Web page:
An interview with NZ Taekwon-Do pioneer Mr. Norman Ng

Mr. Norman Ng (IV Dan-Retired) and Mr. Brett Kimberley (V Dan)-Instructor at Ji Shin Maraetai

I had the privilege of being able to speak with Mr. Norman Ng, a pioneer of Taekwon-Do in New Zealand. I was discussing this my my boys (aged 7 and 9), and they decided that they wanted to write to Mr. Ng to ask him some questions.

We had the privilege of not only having him answering their questions, but also agreeing to meet with them at our club, Ji Shin Maraetai.

During his visit he presented the club members with the certificates from their recent grading, took us through his daily warm-up and taught some self-defence techniques.


Here is the letter Zachary and Benjamin sent Mr Ng, and Mr Ng’s reply

My name is Zachary Stockton. I am 7 years old and a white belt, green stripe. I have practiced Taekwon-Do for 10 months. My favourite move is a palm punch.

My name is Benjamin Stockton. I am nine years old. I have been practicing Taekwon-Do for three years and I have just graded to a yellow belt. My favourite move is a side piercing kick.

We would love it if you would answer some questions for us please Sir.

Thank you for your time Sir, and we hope to meet you if you are ever able to visit our club.

Warm regards,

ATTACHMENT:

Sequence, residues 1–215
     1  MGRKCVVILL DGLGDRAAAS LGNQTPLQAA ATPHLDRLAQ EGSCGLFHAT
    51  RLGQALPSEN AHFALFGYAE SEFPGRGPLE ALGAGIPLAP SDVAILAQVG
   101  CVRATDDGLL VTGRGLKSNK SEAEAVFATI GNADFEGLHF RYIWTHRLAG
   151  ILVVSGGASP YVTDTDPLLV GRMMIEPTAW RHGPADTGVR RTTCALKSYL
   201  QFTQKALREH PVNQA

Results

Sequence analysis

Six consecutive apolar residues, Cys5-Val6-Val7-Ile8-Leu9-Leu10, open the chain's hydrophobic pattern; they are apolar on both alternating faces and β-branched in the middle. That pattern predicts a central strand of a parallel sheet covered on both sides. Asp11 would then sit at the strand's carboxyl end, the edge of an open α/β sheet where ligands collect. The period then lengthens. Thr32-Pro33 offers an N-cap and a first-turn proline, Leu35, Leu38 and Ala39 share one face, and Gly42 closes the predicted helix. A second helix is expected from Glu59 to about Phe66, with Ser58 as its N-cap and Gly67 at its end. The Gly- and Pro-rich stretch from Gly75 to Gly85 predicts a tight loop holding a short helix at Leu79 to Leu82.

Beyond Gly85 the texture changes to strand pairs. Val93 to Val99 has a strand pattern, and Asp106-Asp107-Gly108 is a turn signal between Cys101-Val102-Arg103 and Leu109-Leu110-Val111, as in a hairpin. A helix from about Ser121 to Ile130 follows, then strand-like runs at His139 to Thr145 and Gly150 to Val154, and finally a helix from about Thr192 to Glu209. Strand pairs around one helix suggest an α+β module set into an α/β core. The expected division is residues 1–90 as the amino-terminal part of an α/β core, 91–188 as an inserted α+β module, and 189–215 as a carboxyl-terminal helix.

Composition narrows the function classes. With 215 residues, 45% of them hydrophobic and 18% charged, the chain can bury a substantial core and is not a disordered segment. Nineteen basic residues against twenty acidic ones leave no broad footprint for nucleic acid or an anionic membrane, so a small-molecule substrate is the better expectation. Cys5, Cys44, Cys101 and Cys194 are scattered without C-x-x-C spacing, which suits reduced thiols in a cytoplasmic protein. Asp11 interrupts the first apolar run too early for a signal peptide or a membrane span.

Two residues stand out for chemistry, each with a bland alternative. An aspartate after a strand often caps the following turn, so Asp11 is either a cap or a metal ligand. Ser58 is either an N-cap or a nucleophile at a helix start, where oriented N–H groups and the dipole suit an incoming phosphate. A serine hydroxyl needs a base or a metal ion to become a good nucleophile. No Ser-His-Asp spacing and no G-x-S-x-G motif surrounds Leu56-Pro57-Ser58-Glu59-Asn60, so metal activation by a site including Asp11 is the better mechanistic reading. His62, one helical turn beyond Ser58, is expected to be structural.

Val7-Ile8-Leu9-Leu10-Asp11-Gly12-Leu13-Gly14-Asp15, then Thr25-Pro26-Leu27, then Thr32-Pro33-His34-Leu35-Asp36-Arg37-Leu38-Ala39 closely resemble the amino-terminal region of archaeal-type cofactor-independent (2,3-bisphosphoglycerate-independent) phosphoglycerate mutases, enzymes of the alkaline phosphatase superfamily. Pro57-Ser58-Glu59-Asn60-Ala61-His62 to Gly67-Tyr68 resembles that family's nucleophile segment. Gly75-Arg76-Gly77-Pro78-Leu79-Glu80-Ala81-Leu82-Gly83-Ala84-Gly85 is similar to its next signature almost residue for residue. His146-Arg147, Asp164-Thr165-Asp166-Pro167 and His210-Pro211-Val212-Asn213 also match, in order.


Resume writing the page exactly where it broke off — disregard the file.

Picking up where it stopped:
Benjamin and Zachary Stockton



Mr. Norman Ng instructing club members


Hello Ben and Zac, Thanks for your interest in my Taekwon-Do journey. Here are the answers to your questions:

Q1. When did you start Taekwon-Do?

In 1966 I took Mrs Ng back to her home city of Kuala Lumpur for a visit and managed to get a lecturing position in engineering at the University of Malaya. We were given a subsidized apartment near the town centre in the suburb of Petaing Jaya. As we were taking a stroll one evening, we heard some shouting which aroused our curiosity; a whole lot of people wearing ‘white pyjamas’ were practising punching and kicking etc. The instructor stopped the class to come to talk to us. We were impressed with his courtesy so soon after I joined up for my first Taekwon-Do lesson in the latter part of 1966.

Q2. How old were you when you started Taekwon-Do?

In my class there were mostly male teenagers and adults some of whom were older than me. In the mid 1960’s Taekwon-Do was quite a new martial art and parents did not recognised the benefits of Taekwon-Do training for children and for female. I did a bit of judo when I was at university, so I did not think I was too old to learn a new martial art form at the ripe age of 29.

Q3. What was your teacher’s name?